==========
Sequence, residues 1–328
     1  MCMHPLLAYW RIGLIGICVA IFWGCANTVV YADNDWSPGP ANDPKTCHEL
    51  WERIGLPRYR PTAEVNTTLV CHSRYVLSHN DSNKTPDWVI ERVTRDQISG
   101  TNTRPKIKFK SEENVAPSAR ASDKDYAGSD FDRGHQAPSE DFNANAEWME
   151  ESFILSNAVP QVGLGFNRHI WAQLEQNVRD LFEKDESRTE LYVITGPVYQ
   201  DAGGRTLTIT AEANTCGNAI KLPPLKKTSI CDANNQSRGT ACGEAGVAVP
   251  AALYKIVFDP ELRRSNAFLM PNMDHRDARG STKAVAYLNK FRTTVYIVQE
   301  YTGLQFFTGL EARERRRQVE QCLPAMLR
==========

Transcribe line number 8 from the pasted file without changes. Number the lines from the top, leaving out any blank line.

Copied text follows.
   301  YTGLQFFTGL EARERRRQVE QCLPAMLR